Accuracy for measuring refraction was assessed looking at the mean difference (MBE), between the subjective and the objective methods (QS or WS). These results together with values of the mean absolute error (MAE) and the 95% limits of agreement (LOA) can be found in Table 3.

The initial M MAEs of autorefractors were 0.36 D and 0.42 D for WaveScan AR and QuickSee AR, respectively. By optimizing the image quality metrics using the WS data and the static approach, the results in M were slightly improved or not affected in all cases except for the FWHM metric (MAE increased by 3.1%).

The same tendency was observed also for M MBE and 95% LOA with all IQM, which were demonstrated to provide small improvements over the initial results of the WS device. In general terms, the metrics with the best performance for MAE, MBE, and LOA were Entropy and VSX.

The dynamic approach using QS data in contrast, consistently provided a substantial improvement in M over the initial results of the QS device, in MBE (~ 70% average reduction), moderate improvements for MAE (14.6% average reduction), and 95% limits of agreements (~ 10.6% average reduction) for all IQM evaluated. The best performing IQM in the dynamic QS approach was Entropy, which achieved a reduction in M of 17.8%, 14.1% and 87.3% in MAE, 95% LOA, and MBE, respectively. A Bland–Altman plot comparing the initial measurements of the QuickSee autorefractor and the results from the best performing metric (Entropy) against subjective refraction is shown in Fig. 2. Neural sharpness and VSX metrics performed slightly worse than Entropy, but still achieved comparable results (Table 3).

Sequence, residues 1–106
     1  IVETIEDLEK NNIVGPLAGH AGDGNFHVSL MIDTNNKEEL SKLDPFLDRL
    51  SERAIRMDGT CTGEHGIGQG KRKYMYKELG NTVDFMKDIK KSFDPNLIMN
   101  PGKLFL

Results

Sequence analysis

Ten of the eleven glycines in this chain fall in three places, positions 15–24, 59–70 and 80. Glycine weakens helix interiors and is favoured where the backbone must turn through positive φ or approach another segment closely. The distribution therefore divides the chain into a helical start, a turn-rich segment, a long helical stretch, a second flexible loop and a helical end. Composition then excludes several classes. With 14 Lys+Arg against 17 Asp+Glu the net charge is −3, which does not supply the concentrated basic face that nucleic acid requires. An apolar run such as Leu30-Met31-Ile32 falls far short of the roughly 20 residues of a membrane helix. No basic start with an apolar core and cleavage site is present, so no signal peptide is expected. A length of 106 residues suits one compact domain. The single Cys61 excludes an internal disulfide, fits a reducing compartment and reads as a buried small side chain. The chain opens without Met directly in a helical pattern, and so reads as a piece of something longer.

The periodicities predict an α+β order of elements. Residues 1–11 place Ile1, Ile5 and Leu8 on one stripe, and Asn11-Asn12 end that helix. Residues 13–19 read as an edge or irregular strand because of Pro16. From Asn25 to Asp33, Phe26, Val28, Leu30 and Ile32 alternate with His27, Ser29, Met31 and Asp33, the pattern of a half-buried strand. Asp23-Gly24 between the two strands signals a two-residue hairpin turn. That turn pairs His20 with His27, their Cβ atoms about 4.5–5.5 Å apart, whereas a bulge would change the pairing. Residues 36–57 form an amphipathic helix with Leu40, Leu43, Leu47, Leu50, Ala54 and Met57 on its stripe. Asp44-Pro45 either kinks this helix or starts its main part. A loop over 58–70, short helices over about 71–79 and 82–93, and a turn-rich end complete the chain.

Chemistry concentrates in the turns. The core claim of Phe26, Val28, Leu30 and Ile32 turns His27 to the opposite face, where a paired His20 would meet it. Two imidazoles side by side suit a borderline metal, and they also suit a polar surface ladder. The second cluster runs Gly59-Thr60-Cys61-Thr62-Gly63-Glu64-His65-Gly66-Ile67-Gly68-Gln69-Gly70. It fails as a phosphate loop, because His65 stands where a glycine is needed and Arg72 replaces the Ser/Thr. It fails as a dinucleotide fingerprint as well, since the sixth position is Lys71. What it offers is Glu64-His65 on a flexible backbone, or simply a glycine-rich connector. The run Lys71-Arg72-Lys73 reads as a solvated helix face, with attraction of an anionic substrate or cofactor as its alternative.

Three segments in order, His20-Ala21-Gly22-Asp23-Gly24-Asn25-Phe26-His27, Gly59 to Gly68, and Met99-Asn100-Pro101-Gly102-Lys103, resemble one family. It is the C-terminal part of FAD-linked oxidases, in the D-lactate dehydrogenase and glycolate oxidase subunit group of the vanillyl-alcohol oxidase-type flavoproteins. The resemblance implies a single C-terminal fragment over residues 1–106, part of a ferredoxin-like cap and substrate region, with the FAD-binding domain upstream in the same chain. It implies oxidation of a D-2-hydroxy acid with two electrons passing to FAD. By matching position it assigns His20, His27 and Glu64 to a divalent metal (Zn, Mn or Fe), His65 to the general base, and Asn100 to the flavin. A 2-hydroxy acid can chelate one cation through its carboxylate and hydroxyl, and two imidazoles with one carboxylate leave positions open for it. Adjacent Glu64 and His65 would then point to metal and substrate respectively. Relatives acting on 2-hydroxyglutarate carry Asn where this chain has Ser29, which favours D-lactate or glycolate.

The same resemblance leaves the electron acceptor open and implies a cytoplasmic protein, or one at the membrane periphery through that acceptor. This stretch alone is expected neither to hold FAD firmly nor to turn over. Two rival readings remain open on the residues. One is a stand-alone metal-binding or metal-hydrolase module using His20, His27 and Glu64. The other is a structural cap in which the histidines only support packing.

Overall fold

Absolute mean errors, mean bias errors and 95% limits of agreement in J0 and J45 between subjective and objective refraction were also computed (Table 3). For the static WS, mean J0 total improvement considering all metrics together is shown for all the analysis, MAE (9.3%), MBE (22.7%) and LOA (7.7%); while almost no improvements were observed for J45 (MAE, -0.9%; MBE, 5.3%, and LOA, -0.8% mean total improvement). For the dynamic QS approach, the MAE of cartesian and oblique power vectors improved (J0, 3.9%; J45, 8.5% mean total improvement), as well as the MBE (J0, 60.8%; J45, 52.9% mean total improvement) and LOA (J0, 6.4%; J45, 3.1% mean total improvement). Nevertheless, all the reported improvements are of lower magnitude than the ones for the spherical equivalent.